What costs the same as a 4" annual, has as much color as most annuals, lasts all season, and will do the same the next year given a little consideration during the winter?
The answer is obvious, given the placement of the question. I might have added that, for the Florida gardener, the caladium gives its color all through the summer - a time when it is notoriously difficult to find a bedding plant that will stand the heat and humidity.
2. Caladiums in the Landscape
Nurseries love caladiums as pot plant crops for the spring holidays: white-leaved varieties are a natural for Easter with the splash of vibrant pinks and reds adding to the more festive air of Mother's Day.
There is an increasing interest
on the part of gardeners in caladiums for bedding, or for long-lasting
containers. Garden stores have been quick to supplement the dormant tubers,
that have always been available in spring for knowledgeable gardeners,
with 4- or 6-inch pots in full color that will be impulse buys or that
give the instant effect that we are told many gardeners crave.
Caladiums are classified as Fancy-leaf, Strap- or Lance-leaf and Dwarf. The names for once are reasonably descriptive: The strap or lance-leaved types have more slender leaves than the fancies, while the dwarfs are smaller in leaf size as well as height. Expect to pay a little more for the straps and dwarfs since they are slower to increase and thus cost the growers more.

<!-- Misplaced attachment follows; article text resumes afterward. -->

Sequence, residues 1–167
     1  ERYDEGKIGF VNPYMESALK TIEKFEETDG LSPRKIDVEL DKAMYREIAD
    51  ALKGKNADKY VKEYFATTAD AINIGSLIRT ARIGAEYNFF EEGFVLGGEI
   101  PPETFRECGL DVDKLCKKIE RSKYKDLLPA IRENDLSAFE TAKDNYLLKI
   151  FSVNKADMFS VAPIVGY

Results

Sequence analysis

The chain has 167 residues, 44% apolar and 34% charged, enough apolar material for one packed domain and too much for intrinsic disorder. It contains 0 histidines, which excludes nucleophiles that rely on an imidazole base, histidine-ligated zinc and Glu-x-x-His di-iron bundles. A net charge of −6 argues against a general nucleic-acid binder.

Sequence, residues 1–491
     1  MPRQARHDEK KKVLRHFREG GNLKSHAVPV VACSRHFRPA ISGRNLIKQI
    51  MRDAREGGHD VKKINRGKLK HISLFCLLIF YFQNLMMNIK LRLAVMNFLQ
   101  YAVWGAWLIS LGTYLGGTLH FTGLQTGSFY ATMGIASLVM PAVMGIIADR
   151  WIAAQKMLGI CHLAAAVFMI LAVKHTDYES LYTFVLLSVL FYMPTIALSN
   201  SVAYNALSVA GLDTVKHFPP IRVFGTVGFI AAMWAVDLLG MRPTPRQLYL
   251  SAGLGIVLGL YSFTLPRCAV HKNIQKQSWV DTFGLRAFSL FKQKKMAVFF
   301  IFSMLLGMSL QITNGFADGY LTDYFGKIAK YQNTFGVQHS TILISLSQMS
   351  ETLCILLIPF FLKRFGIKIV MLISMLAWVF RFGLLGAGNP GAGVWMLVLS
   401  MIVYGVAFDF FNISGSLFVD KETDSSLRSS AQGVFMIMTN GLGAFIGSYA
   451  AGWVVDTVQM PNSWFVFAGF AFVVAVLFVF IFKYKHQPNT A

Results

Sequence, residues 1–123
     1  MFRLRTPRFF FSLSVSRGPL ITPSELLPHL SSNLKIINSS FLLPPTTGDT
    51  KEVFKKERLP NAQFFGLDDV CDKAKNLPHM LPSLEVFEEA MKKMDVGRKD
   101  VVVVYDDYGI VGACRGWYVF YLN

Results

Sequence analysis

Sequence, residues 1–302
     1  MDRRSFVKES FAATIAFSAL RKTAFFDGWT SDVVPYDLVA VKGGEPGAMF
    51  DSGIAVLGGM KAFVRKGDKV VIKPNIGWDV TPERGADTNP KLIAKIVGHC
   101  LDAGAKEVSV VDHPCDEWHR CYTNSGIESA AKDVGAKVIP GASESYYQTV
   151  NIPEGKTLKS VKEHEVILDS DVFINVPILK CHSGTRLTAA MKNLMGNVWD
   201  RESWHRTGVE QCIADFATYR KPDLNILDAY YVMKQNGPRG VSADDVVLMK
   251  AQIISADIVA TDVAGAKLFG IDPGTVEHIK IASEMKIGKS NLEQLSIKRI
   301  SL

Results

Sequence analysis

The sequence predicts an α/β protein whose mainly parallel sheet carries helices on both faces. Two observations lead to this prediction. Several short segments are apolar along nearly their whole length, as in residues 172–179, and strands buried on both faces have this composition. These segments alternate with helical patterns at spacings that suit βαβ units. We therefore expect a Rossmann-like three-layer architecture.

Growth requirements in the garden are simple. Dr. Gary Wilfret, who is in charge of the breeding programme says that if a caladium could talk, it would say "keep me warm and keep me wet." Ample water, a little fertilizer and summer temperatures will meet these requirements very well.
Florida has released a number of cultivars with outstanding characteristics of color and foliage production.
Use caladiums in formal bedding, as container plants for summer-long brightening of a patio or decoration for a special event. Cultivars differ in their ability to flourish in sun or shade, and the choice of the correct varieties will brighten almost any situation.
Tubers are inexpensive enough to abandon at the end of the season, but also easy to store by lifting them as cool weather begins, doing a little cleaning of the attached soil, and then keeping them in a frost-free location. In spring, a little more cleaning and then replanting in a prepared spot will give back a display equal to or better than that of the previous year. In frost-free areas they can stay in the ground unless the space is needed for a winter blooming crop.
Inexpensive, foolproof and very rewarding, the caladium can earn a place in most landscapes.
The editor is grateful to Dr. Gary Wilfret for the use of the pictures in these articles. There are photographs of more cultivars at http://www.hortdigest.com/archives/2-99/gallery.asp. The March 2001 issue of Greenhouse Product News has an article by Terri Bates-Cantwell , the production manager of Bates Sons and Daughters Inc. of Lake Placid Florida, which is a mine of information, and belongs in my "should not be missed" category.